Recently I've been writting a lot about externalities, and how they contribute to a corporation's profitability. What I've neglected is the flip side: that just as corporations should pay the full costs of their activities, so to should you and I.

Not sure what I'm on about? Well in essence the issue of externalities is about paying for what you use. In business, externalities result from a fairly simple relationshihp between costs and profits: minimise the former in an effrot to maximise the latter. However things get messy when those costs aren't "minimised" so much as conveniently left off the balance sheet.

A neat illustration? Shell's decision to invest in extracting oil from the Canadian tar sands. Producing oil in this manner generates two to four times more greenhouse gas emissions than the production of 'conventional' oil1. Furthermore processing the oil sands involves clearing vast areas of wilderness and topsoil. It takes about 2 tonnes of the raw sands to produce one barrel of oil. BP has reportedly said that it will use a method that is less invasive, and has accepted that an increased carbon footprint is unavoidable2.

The question is whether the pollution, soil degradation, habitat destruction, and greenhouse gas emissions will be included in the production costs of each barrel, or simply ignored. Will the increased carbon footprint be paid for, or just left behind? Because if these costs to society and the environment are left off the balance sheet, then this oil looks a whole lot more cost-effective than it should.

According to a recent United Nations study, if the world's biggest companies actually paid for the environmental harm they cause, the bill would come to $2.2 trillion a year and profits would be reduced by one-third.

But companies such as these are only part of the problem.

Working in a Jeans Workshop

This boy is working with his parents at a small jeans workshop in Dadun Village in Xintang. He earns 0.15 yuan for snipping loose thread ends off one pair of jeans; in one day he can do about 200 pairs.

I say this because its important we keep in mind that while costs directly affect profit margins, ultimately we consumers keep companies in business. Every purchase we make is a tacit vote in the market place, a signal we send out about what we are willing to pay for, and what we aren't. Being able to afford organic, but choosing to buy pesticide-ridden veggies simply because they are cheaper, says that you aren't willing to pay for sustainably produced food - or that you don't mind what the chemicals are doing to the ecosystem. Similarly, when you choose cheaper clothes produced in a sweatshop over those with a fair trade endorsement, you condone sweatshop practices and wages. Externalities generated in production, become our own through consumption. Our purchases legitimate what went into (and came out of) what we buy.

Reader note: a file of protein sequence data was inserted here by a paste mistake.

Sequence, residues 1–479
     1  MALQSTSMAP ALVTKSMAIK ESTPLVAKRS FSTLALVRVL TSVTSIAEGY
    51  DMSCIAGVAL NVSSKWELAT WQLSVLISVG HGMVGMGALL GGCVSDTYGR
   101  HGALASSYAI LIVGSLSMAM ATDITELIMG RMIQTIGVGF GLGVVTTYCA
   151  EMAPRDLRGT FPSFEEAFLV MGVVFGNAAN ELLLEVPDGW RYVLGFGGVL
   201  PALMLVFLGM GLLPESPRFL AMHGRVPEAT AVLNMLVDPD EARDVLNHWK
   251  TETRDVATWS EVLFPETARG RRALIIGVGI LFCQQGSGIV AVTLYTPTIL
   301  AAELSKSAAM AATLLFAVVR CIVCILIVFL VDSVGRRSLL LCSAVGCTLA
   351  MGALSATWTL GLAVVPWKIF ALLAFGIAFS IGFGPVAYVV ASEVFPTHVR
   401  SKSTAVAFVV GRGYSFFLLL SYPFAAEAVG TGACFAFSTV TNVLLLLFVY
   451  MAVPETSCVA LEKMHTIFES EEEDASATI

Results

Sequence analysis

Obviously I'm simplyfying things here. Often we aren't entirely aware of the externalites we encourage through our purchases. There are also cases where buying responsibly is almost impossible (buying shoes springs to mind). In such cases, however, its important we speak up and inform ourselves about our purchases; choosing not to know is plain cowardice.

Its time we realise that our lifestyles are costing a whole lot more than simply what we spend each month. Driving and flying around only cost what they do money-wise, because so much of the total cost is being left out (like the pollution and carbon emissions caused). Calculating the true cost of flying, for example, is tricky - and where to pay, or even what to pay with, is a problem in itself. But the point is that we need to be more aware that these costs do in fact exist -- and they are accruing, regardless of whether we acknowledge them or not.

So while its imperative we pressure corporations to start paying for their externalities, we also need to become more aware of, and start paying for our own. If we want 'being green' and 'saving the planet' to mean more than catchy marketing phrases or token gestures, we need to start living up to what we expect from corporations. And if paying the full cost for something means that it becomes too expensive, perhaps its time you asked yourself if its really worth having at all.


1^ Joseph J. Romm (2008). Hell and High Water: The Global Warming Solution. New York: Harper Perrenial. pp. 181–82. ISBN 9780061172137